If the diamond industry adopts a way to track diamonds and clearly show consumers how diamonds move through the pipeline ethically, it will clear the path for consumers who have voiced concerns about the diamond pipeline to buy with confidence. If these initiatives are adopted, the banks will have a way to ensure that diamond movements through the value chain are clear, meeting Know Your Customer (KYC) requirements, which will allow them to provide financing to the diamond industry with the knowledge that the funds they provide are not misappropriated or misdirected – among the leading concerns banks have today when they consider finance facilities to diamond traders, wholesalers and manufacturers.
Whether we like it or not, we must harness the available tools, or create new ones, and find a way to bring greater transparency to the diamond industry. Many diamond traders reading these lines are possibly thinking to themselves, “Yes, but…” We are masters at identifying why something will not work, finding flaws and problems in every proposed solution. In my many years in the business, I have found that finding the flaws is easy, but does not advance my business. To make money, bold decisions are required. Moving forward with creativity, flexibility, and with a far-reaching plan works better. We need to think through the risks, not be shackled by them. Assess the risks and then find solutions; understand the economics of the plan and then execute a strategy. Doing the same old thing is not a strategy.
The diamond industry has great potential. We need to turn that potential into reality. This requires a new vision for diamonds. A completely new approach has to be based on a fully transparent market to gain the trust and understanding of the marketplace. This means everything from disclosing everything about the characteristics of the diamond, through how it was priced, to continuous and always available information on its current value. Consumer education about every parameter of a diamond and how each component of the diamond pushes the price up or down must be created and offered smartly so all understand the premise and the promise.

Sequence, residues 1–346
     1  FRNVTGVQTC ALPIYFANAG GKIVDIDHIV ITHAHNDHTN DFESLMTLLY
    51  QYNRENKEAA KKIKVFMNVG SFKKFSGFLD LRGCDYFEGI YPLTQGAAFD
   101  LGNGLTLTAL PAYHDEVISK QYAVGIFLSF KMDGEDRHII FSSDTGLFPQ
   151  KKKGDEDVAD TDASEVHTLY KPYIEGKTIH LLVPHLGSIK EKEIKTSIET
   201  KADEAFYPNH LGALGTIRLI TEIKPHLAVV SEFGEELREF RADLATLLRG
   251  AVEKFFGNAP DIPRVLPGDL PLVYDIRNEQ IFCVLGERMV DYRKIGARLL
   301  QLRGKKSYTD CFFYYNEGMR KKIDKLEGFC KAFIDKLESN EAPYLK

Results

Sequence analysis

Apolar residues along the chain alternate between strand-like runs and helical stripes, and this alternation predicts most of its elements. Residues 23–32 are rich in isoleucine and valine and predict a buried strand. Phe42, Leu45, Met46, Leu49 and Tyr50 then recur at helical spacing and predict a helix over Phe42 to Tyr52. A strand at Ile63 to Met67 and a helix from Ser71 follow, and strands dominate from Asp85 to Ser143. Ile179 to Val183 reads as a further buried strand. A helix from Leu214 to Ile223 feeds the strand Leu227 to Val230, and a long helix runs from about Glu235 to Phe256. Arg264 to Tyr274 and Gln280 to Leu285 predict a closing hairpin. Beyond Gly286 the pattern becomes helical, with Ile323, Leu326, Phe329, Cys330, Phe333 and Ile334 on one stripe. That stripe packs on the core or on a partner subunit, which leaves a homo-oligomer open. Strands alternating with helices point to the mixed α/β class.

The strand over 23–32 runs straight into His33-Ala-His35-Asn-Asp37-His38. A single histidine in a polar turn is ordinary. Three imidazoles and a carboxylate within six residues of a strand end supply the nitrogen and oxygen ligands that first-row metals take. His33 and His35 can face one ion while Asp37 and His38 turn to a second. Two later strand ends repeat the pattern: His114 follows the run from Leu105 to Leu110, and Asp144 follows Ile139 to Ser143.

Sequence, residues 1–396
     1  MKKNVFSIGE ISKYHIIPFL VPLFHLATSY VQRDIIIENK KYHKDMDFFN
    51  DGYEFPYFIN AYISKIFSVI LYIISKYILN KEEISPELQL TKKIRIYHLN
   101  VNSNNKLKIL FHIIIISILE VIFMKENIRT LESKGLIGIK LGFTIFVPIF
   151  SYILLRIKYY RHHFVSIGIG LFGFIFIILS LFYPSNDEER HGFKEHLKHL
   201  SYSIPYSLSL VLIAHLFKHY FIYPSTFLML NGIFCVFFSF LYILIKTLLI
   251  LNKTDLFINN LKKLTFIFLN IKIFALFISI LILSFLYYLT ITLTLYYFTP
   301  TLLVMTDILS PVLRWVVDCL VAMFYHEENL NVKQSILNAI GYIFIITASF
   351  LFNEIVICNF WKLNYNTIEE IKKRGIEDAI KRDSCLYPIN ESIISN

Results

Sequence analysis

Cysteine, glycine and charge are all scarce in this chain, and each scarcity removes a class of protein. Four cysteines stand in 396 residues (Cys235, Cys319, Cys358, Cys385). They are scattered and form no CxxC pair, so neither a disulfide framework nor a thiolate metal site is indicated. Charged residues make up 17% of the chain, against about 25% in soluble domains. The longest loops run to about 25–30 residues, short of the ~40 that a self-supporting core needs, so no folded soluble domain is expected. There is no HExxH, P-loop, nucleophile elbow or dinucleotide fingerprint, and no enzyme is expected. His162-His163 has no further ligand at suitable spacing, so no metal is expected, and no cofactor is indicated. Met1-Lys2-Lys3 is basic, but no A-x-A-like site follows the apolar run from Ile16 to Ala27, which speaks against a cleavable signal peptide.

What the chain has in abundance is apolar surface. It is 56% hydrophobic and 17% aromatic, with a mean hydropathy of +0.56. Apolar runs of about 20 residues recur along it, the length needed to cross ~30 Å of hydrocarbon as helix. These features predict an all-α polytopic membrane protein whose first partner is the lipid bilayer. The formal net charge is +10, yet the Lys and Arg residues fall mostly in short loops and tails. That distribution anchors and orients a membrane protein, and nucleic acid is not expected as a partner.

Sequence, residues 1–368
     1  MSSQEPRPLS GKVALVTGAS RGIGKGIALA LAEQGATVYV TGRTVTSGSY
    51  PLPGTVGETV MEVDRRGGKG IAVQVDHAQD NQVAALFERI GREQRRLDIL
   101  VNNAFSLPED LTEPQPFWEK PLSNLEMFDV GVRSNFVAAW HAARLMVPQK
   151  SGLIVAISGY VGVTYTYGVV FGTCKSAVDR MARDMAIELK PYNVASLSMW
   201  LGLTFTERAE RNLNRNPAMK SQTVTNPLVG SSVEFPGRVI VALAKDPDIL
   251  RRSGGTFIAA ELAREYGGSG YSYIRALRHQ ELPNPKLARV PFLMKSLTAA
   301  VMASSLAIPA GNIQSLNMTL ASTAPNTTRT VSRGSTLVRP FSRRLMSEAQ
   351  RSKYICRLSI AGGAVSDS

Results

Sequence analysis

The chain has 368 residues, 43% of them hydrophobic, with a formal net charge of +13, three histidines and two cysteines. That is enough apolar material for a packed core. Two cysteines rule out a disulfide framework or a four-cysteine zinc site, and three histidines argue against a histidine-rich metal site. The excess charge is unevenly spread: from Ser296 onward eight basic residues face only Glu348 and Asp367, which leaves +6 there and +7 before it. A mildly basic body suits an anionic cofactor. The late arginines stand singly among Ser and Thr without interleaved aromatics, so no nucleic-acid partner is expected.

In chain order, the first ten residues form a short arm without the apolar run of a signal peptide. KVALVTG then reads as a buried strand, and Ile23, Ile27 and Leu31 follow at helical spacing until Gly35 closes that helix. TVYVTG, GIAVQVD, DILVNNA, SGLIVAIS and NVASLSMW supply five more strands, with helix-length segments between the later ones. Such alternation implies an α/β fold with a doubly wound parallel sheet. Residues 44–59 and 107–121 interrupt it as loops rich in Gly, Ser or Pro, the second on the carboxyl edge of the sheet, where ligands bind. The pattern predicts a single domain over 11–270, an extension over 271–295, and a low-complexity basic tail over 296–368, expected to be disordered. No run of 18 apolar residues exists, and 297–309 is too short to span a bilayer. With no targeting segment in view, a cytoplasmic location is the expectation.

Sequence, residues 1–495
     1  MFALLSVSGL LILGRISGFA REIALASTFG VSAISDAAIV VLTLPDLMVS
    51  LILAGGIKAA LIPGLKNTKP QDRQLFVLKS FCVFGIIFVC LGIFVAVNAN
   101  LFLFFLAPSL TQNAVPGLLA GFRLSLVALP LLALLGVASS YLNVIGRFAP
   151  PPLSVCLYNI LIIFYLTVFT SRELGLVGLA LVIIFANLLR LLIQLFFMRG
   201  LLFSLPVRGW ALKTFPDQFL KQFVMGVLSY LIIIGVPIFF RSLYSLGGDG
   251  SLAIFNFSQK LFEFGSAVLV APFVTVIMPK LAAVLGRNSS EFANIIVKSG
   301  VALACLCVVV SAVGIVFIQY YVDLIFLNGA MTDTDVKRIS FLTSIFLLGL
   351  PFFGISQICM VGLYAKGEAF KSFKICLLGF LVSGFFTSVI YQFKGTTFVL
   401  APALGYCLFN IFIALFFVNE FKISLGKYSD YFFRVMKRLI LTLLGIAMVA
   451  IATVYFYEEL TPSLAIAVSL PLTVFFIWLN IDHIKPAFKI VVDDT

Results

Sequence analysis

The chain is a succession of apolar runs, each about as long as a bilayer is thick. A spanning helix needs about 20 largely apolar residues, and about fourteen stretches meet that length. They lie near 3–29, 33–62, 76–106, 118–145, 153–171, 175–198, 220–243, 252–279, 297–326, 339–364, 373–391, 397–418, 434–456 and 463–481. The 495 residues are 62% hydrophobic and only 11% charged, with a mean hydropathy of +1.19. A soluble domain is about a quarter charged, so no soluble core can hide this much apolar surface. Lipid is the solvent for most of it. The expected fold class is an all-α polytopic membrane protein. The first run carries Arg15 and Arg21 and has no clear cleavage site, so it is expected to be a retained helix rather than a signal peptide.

Knowledge is more important today than ever before, because differentiation and trust is at the heart of selling and pricing. This, of course, is true everywhere, not only when selling a polished diamond to the end user. We need consumers and banks to know – not believe, but to actually know – that we are acting in full compliance with the highest standards. For the world to know that we need to be transparent so they can see for themselves that we are not playing around. We mean it when we say we are ethical and are therefore embracing transparency.
If we add to transparency other essential components to doing business - education, marketing, and full disclosure –we will be able to succeed and thrive in the coming years.
The views expressed here are solely those of the author in his private capacity. No one should act upon any opinion or information in this website without consulting a professional qualified adviser.
Diamond industrialist Ehud Arye Laniado is a man passionate about diamonds. From his early 20s in Africa and later in Belgium honing his expertise in forecasting the value of polished diamonds by examining rough diamonds by hand, till today four decades later, as chairman of his international diamond businesses spanning mining, exploration, rough and polished diamond valuation, trading, manufacturing, retail and consultancy services, Laniado has mastered both the miniscule details of evaluating and pricing individual rough diamonds and the entire structure of the diamond industry. Today, his global operations are at the forefront of the industry, recognised in diamond capitals from Mumbai to Tel Aviv and Hong Kong to New York.